Janelle Monáe, gave a fabulous and energetic performance. Her set started off with a mashup of 2001: A Space Odyssey intro overlaid with Martin Luther King Jr.’s famous “I Have A Dream” speech. But it was her eye-popping costumes, expertly choreographed dancing, and ‘80s style light show that really got the party started. During each song there was just so much happening on stage: backup dancers were firing water guns into the crowd, quick costume changes between songs, and a golden throne, as well as a fantastic trumpet solo. Monáe got the crowd to sing along with “Electric Lady,” while during a quick wardrobe change. Shethen took the time to address the crowd, wisely telling them that, “Life is made up of our memories…what I hope for most is that I can be a memory for you,” while an elegant piano accompaniment played softly in the background. Really in the hour-long set there was just so much going on, including a homage to Prince, in which she played a well-known Prince-chord on guitar. It was her final speech that really spoke to Monáe’s power. Not only did she advocate for the continuation of Canadian/US relations, but also on women’s rights, reproductive rights, LGBTQ2 rights, disability rights, and immigrant rights. And as the sun set on the second day at Osheaga, Monáe loudly called for the impeachment of President Donald Trump.
City and Colour
City and Colour opened their set with an awesome guitar solo. Dallas Green lulled the festival into a bass-infused trance as the sun peeped out from behind the trees of L’île Sainte-Hélène. This was a huge shift in the festival’s tempo since City and Colour’s performance followed on the heels of Janelle Monáe’s. Still as Green played on, melodic harmonies flowed over the crowd. Festival-goers all over the grounds, from the stage to the hill, swayed along to songs like “Wasted Love” and “Strangers.” Dallas Green played a lot of new music, but it was his duet with “friend” Geneviève that was really the hallmark of the performance.
Metric kicked off their set with their hit“Breathing Underwater.” In a brief reprise of the song, lead singer Emily Haines spoke to the crowd, offering them a chance to seriously think about their life’s paths. She then slowed down the chorus to make a point of getting people to think about how their lives are going. While this made seem odd at a summer music festival that is geared towards just having a good time, it fit perfectly with Metric’s psychedelic sound and visuals on the big screen behind them. They really drew on mid ‘90s punk and grunge visual influences for their backdrop. Further along in the show, Haines slew with her heavy lyrics and distorted punk/pop anthems. Although they only played their most popular songs, it was Haines reaching over the barricade and into the crowd to give people high fives while repeatedly singing “beating like a hammer” from “Help I’m Alive,” that really drew in the audience.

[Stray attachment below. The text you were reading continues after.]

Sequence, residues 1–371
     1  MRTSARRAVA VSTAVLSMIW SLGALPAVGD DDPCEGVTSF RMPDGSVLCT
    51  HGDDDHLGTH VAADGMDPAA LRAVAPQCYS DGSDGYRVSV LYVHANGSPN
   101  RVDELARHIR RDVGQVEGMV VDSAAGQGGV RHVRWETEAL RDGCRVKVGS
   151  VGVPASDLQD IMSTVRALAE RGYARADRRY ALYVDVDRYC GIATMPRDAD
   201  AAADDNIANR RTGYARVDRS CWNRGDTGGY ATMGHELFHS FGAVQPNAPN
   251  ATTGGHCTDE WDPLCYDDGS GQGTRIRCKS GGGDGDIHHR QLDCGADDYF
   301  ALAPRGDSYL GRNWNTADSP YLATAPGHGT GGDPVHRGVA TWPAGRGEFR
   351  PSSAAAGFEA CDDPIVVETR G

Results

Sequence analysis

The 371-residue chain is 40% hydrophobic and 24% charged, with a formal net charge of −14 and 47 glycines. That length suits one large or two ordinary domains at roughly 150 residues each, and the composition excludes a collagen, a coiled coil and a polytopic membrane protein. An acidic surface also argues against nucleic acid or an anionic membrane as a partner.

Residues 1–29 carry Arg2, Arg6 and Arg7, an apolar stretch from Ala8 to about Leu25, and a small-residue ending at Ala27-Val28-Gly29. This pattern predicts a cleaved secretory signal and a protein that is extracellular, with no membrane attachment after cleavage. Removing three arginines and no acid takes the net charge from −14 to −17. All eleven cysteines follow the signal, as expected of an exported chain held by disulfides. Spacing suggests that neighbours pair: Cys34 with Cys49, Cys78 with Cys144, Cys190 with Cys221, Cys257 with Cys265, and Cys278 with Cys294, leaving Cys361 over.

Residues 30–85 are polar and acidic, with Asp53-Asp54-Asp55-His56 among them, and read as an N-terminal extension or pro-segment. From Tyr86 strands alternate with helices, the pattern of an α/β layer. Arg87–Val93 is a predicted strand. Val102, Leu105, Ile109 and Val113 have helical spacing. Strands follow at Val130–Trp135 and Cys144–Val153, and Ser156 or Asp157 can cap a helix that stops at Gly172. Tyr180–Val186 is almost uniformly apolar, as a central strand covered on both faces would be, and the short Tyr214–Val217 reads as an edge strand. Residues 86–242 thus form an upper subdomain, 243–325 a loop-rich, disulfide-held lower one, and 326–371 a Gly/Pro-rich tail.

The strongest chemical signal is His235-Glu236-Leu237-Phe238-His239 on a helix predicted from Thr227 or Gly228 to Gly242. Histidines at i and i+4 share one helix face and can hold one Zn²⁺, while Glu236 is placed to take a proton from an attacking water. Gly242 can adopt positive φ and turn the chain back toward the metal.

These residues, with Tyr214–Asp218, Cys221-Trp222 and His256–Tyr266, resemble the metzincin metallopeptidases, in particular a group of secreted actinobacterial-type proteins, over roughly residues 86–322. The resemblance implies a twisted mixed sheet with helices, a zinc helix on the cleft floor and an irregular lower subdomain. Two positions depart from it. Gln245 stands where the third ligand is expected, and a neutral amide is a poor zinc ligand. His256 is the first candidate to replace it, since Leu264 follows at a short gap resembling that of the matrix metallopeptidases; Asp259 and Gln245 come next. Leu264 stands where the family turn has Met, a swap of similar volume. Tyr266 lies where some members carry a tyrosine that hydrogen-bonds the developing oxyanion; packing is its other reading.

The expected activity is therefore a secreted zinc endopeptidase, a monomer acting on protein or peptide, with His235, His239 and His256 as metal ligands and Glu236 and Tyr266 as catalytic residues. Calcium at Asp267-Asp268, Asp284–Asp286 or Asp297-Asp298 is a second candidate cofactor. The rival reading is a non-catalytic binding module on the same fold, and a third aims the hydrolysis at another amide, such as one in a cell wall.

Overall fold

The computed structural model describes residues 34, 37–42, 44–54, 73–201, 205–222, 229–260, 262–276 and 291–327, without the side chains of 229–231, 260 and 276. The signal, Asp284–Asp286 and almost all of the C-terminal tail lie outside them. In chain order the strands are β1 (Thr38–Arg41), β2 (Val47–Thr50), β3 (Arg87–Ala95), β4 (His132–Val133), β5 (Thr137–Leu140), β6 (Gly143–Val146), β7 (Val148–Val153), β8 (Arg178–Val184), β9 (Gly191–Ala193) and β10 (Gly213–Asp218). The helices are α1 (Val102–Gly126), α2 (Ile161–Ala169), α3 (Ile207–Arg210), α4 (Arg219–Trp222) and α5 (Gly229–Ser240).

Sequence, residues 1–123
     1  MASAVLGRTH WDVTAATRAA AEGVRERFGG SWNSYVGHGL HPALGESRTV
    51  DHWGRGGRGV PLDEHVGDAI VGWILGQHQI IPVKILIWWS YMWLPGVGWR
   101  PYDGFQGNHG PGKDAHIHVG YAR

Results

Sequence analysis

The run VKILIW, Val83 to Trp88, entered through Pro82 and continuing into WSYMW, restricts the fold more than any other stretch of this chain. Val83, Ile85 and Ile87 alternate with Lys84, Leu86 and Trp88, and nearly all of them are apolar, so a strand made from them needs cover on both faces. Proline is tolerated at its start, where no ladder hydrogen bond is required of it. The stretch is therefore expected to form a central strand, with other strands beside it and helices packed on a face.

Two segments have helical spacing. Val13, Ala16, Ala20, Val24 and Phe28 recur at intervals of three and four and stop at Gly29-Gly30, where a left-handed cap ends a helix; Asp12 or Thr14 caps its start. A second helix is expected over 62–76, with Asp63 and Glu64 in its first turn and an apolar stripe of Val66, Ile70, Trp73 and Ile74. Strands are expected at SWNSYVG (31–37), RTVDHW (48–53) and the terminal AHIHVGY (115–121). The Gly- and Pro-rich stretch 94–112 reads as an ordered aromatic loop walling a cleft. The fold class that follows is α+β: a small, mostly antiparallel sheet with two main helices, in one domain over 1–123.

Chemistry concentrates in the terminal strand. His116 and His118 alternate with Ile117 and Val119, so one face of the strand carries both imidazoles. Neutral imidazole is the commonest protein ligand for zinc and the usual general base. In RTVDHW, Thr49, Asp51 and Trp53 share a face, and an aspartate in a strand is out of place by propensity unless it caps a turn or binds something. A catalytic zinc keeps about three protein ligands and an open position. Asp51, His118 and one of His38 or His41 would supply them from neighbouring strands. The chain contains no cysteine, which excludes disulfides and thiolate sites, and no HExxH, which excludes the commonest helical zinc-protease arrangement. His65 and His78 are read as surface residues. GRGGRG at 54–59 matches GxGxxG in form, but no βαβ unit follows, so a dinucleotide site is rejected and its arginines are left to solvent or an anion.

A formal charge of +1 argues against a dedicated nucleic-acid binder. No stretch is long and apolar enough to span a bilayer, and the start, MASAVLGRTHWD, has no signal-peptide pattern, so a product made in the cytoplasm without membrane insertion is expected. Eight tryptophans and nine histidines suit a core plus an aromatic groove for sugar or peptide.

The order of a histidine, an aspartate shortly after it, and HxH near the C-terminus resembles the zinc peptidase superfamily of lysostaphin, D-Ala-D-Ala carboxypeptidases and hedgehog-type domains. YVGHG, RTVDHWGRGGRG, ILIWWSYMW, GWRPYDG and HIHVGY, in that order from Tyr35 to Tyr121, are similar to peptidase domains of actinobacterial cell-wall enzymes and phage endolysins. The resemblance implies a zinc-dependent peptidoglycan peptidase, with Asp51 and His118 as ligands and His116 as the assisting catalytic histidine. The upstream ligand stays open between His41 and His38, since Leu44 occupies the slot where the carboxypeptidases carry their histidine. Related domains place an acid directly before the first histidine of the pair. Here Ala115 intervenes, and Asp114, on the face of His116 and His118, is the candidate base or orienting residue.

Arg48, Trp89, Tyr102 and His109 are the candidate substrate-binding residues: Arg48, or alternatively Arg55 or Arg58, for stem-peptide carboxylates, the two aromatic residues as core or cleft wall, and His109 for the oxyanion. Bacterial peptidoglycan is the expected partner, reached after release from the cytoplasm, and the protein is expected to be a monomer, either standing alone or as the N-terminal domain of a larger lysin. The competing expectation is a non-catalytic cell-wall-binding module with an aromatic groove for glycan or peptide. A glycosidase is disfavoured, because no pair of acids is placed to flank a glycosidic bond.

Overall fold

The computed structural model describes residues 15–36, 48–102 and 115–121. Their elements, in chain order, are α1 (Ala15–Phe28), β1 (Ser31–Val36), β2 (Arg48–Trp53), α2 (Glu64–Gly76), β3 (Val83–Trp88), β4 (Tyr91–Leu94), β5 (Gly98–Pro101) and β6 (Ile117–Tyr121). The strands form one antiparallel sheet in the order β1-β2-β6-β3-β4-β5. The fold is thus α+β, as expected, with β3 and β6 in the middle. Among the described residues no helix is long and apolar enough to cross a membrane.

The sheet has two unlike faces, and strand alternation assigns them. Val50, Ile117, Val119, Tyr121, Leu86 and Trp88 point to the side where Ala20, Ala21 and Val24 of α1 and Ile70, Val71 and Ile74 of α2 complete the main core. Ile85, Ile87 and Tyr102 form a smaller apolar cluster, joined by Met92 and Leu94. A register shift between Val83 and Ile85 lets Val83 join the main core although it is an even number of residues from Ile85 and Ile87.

Hozier really set the heartbeat of his set with a heavy drum opener. As the first song kicked off, the audience cheered loudly at the beautiful country rock melody while Hozier’s smooth vocals slid over the crowd. It was hard not to melt at his beautiful, soulful, down to earth sound. The band sped things up in their second song “Dinner & Diatribes” that had everyone dancing and tapping their toes, including the people waiting in line for food. Really, Hozier did not disappoint. He played as an amazing show as everyone expected. He even played a new song called “Nobody,” from the new album Wasteland, Baby!It is a huge shift from his harder soulful sound with a bit more of a pop feel. He kept throwing off the crowd with lengthy pauses in his songs. This seemed to make the audience excited and forced them to really pay attention. He also kept giving props to his accompaniment on stage, identifying each musician by name in between songs. When he closed his set with his famous “Take Me to Church,” Hozier went down and sang directly to the crowd.
Tame Impala set the tone for its set on the big screen with a home video of two people arguing. As the psychedelic synths kicked in, the video quickly turned into a mash of psychedelic colours twisting and writhing together. The audience was now on a trip back to the ‘60s. To break the audience out of their trance, confetti was sprayed into the crowd, and Tame Impala kicked out some great party anthems as the sun set over day three and the final show of the festival. As the temperature cooled off, they cooled the party with their amazing transcendent beats and synth-laden melodies. When they played “Elephant,” the light show transformed the performance into a pulse of laser lights, and on the big screen the musicians’ eyes glowed, making it seem as if Osheaga was being invaded by big great robots with laser eyes.
– Samantha Stevens